Mathematics, not surprisingly, means different things to different people.

- To the public, mathematics means "problems on a page" or "scores on
a test." One participant characterized this as an "emaciated" view of
mathematics.

- To many teachers, mathematics means "mathematical power" as
expressed in the NCTM Standards--a robust mixture of problem solving,
communication, and reasoning.

- To employers, mathematics is just part of the teamwork required for
employees to do their jobs well. "In today's workplace, communicating
ideas is far more important than applying technical skills."

This widespread fear poses significant challenges for the mathematical community. Mathematics educators need to help students learn to communicate about mathematical ideas with those for whom quantitative thinking is not a welcome mode of discourse. Students' future jobs will likely depend on their skill in this endeavor.

At the same time, mathematicians and mathematics educators themselves need to communicate to the public that mathematics is not really as they imagine it in their terror-filled dreams. The world is changing, and so is mathematics--both at work and in school.

- To develop a plan to sterilize laboratory equipment in an autoclave, a
worker must gather and organize sufficient information to convince various
supervisors and review boards that the
plan is defensible. This requires analysis of data to prove that the plan
will work, discussion of alternatives to be sure that nothing less costly
would do the job, consideration of extreme cases that may not fit the
typical scenario, and responsiveness to relevant safety regulations.

- To reconcile inconsistencies in monthly inventories, a worker needs to
think backwards to determine all the possible ways in which records might
be wrong or items misplaced. This requires the ability to imagine the
workings of a complex system, to identify plausible sources of error or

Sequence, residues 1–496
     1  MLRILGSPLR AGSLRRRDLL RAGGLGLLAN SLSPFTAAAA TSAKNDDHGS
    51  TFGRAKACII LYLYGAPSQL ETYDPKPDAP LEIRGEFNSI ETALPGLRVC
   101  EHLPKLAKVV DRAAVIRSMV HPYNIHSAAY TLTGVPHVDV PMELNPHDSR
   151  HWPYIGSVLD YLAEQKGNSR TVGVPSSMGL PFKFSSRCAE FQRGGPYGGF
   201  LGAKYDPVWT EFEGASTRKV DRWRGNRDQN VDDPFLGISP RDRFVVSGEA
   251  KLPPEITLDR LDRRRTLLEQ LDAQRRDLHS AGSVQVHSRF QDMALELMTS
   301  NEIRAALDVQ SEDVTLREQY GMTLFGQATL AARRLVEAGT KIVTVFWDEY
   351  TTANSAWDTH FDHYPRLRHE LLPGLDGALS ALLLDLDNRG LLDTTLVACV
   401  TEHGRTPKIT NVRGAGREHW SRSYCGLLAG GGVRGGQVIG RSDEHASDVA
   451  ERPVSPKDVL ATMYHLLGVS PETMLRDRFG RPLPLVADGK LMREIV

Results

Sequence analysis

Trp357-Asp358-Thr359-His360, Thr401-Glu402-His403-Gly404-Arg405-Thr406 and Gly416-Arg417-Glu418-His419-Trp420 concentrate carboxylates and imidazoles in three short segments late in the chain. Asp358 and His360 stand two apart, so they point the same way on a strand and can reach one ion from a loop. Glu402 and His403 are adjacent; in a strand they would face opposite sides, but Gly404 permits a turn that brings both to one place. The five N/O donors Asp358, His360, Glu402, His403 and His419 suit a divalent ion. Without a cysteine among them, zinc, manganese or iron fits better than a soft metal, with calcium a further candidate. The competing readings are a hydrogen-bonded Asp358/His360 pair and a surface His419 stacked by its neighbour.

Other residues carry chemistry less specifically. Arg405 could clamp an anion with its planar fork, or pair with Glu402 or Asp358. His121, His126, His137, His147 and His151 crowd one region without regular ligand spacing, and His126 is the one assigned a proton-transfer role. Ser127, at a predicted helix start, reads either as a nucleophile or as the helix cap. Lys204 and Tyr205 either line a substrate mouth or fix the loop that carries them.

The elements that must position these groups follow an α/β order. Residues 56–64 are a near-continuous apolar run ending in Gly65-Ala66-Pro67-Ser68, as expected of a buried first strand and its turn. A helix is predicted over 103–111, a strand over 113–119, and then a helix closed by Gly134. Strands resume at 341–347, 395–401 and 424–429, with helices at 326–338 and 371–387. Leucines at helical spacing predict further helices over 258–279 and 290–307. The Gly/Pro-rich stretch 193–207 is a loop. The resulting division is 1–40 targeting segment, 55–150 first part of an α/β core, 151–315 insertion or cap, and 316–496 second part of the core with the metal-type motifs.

failure, and to consult with various individuals in order to gather ideas and
confirm (or refute) hunches.

- To design an airplane in a modern competitive economy, one needs
more than the traditional airfoil analysis that produces optimal lift for the
wings. Now one seeks to minimize not only fuel consumption, but also
manufacturing costs: for a given lift, which design of an airfoil is cheapest
to manufacture? To answer that question requires the combined skills of
construction workers, design engineers, financial experts, and senior
management.

These problems illustrate several features of modern problem solving that are rarely addressed or developed in the schools For example, individuals are expected to recognize weaknesses in their own analysis of a problem, and then to seek assistance from their team (or their supervisors) in addressing these weaknesses. The habit of volunteering possible flaws in an argument does not come naturally to students who have become habituated by the pressure for grades to living in a world of bluff and desperation.

Whether in retail or manufacturing, finance or health, students who enter the world of work must be prepared to put forth their ideas and then to work with others to improve on these initial thoughts. School only prepares students to answer questions posed by others. Instead, students need to learn to say: "Here's my idea. Where are the holes?"